Fast forward to 2016, and President Park becomes embroiled in the scandal which, in the end, was the final straw for the South Korean people.  It started in July when students, while protesting the opening of a night school for employees, demanded an investigation into the Choi scandal at an 86-day sit-in (Korea Times).  Four months later, JTBC started to run stories questioning the relationship between Park and Choi.  One of the earlier stories, released online October 26, called into question the influence Park and Choi had in terms of the Mir Foundation – one of Choi’s two foundations currently under investigation – and the possibility that Park had shared confidential documents with Choi (JTBC*).  Following these revelations, Park gave her first televised apology two days later.  During her speech, Park admitted that Choi had edited speeches during her 2012 campaign, and that she had shared some documents with Choi (Bloomberg).  The speech came after Park had called for a major constitutional revision which opposition lawmakers saw as creating a distraction from the allegations (The Korea Page).  On October 30, Choi returned to Korea and was subsequently arrested on November 3, charged with influence peddling and abuse of power (Choson Ilbo; AlJezzera; New York Times).  The charges reflected the situation, as Choi allegedly used her relationship with Park to force companies to donate to her two foundations (Korea Times); promote appointments of people to powerful positions within the government and private sectors (KBS); edited speeches for the president while also having access to a variety of classified material (JoongAng Daily); and even had influence in the diplomatic and political situations of the government despite not holding an official position in the Park administration (International Business Times).  The investigation continued through November.  And, on November 4, Park gave her second apology speech in which she outlined her relationship with Choi (Korea Times).  On November 20, prosecutors announced their desire to charge Park herself with collusion, though under the constitution she is unable to be tried while in office (The Guardian)[3]. On November 29, Park gave her third apology speech, delegating the shortening of her term over to the National Assembly.  South Koreans of all walks of life demurred her remarks, arguing that she step down on her own (Kyunghyang Shinmun). As the story continued to unravel, Park lost all of her legitimacy as the leader of the South Korean people.  Her overall approval ratings tanked quickly, eventually reaching 4%, an all-time low for any democratically elected president in South Korea (Reuters).  For six straight weeks, protestors lined the streets of Seoul, and throughout the country, calling for her resignation in record numbers; the final weekend before the vote – December 3 – 1.7 million people protested throughout the country (Voice of America).  It was this scandal which ultimately brought Park down, resulting in the impeachment vote on Friday. (For a good timeline of the scandal, see this Financial Times article.)[1]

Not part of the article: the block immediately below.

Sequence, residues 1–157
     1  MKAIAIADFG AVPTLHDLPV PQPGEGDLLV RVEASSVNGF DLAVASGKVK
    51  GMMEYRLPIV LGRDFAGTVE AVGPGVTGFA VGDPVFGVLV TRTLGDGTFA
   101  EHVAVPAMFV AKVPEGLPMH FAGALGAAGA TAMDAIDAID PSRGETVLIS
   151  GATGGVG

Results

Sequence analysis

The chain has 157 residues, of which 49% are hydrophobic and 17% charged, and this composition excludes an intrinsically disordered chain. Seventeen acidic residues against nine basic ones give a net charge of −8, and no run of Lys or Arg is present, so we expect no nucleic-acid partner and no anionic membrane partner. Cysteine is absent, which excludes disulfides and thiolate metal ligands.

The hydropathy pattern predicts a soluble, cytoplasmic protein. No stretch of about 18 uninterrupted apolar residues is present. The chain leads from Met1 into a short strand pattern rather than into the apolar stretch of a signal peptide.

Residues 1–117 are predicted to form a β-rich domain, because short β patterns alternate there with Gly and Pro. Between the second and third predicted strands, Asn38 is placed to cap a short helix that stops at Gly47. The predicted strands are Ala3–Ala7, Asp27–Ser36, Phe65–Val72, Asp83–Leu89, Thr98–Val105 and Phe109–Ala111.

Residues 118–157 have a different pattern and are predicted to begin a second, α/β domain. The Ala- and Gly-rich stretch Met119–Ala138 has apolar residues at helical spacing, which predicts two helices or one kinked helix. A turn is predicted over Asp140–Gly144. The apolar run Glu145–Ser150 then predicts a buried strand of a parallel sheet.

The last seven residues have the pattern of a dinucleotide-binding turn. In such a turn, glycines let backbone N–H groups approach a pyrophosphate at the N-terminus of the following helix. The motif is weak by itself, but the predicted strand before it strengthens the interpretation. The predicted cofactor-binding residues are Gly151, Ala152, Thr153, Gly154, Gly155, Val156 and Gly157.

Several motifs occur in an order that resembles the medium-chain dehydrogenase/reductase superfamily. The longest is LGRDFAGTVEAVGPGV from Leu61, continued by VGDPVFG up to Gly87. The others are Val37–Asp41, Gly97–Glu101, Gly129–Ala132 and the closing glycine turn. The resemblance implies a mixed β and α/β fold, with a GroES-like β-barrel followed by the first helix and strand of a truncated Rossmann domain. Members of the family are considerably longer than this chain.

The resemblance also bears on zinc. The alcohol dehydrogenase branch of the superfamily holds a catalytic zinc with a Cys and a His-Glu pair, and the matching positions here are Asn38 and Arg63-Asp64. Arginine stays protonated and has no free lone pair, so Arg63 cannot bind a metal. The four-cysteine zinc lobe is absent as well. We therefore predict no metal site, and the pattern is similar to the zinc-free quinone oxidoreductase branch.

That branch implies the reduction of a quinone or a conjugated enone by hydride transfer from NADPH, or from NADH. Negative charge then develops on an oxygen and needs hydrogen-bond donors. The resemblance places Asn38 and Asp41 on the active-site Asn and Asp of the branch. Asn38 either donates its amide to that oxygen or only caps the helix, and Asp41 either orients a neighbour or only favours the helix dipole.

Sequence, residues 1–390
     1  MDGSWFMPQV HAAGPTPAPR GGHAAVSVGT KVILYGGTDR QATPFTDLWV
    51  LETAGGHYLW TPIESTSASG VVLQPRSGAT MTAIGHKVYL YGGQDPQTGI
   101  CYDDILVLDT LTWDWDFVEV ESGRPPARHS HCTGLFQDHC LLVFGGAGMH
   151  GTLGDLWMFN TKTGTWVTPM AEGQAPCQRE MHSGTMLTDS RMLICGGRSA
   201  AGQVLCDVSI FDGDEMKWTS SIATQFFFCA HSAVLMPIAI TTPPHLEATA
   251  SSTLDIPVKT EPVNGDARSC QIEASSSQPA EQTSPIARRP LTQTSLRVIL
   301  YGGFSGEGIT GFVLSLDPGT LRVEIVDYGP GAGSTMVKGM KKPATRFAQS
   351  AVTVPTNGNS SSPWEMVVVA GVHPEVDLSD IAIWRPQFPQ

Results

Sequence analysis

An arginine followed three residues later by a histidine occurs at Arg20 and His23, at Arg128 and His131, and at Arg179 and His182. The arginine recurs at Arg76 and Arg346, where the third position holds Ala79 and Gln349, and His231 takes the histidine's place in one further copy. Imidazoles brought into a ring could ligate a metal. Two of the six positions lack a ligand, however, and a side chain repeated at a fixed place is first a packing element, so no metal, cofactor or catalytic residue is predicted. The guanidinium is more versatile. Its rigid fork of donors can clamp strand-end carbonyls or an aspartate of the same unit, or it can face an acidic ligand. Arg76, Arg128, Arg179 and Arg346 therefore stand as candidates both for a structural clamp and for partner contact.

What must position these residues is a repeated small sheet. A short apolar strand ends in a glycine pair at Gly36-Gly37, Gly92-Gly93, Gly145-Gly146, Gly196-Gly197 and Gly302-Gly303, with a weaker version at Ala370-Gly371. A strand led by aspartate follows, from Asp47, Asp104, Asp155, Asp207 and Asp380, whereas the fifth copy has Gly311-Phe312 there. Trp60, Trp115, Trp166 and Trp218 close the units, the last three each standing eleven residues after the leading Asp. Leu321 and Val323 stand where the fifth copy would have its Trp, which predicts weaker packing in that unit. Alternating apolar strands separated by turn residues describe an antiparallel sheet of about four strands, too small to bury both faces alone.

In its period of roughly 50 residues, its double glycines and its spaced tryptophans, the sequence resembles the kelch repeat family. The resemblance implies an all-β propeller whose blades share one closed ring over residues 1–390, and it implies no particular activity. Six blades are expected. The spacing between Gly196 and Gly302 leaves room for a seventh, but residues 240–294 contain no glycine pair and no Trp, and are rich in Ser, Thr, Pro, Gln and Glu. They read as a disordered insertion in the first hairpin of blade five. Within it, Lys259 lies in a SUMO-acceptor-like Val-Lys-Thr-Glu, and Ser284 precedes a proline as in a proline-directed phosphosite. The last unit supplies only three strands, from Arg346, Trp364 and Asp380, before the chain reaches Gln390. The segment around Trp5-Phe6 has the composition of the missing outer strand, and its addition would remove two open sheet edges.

These two scandals formed the basis of the impeachment motion which was introduced on December 3.  Before its introduction into the Assembly, Saenuri lawmakers advised the opposition to remove the reference to the Sewol tragedy and focus on the charges levied against the president by the prosector’s office (Sputnik).  The motion went to a full vote on December 9.  Around 4pm local time, Chung Sye-kyun announced the results of the vote: 234 in favor, 56 opposed, 2 abstaining, 7 unaccounted (Yonhap*).  With the passage of the motion, Park is stripped of all powers and Prime Minister Hwang Kho-ahn will be acting president.  As for the motion, the Constitutional Court will review it and has 180 days to render a verdict either upholding the motion or rescinding it.

A Web of Uncertainty: Post-Impeachment South Korea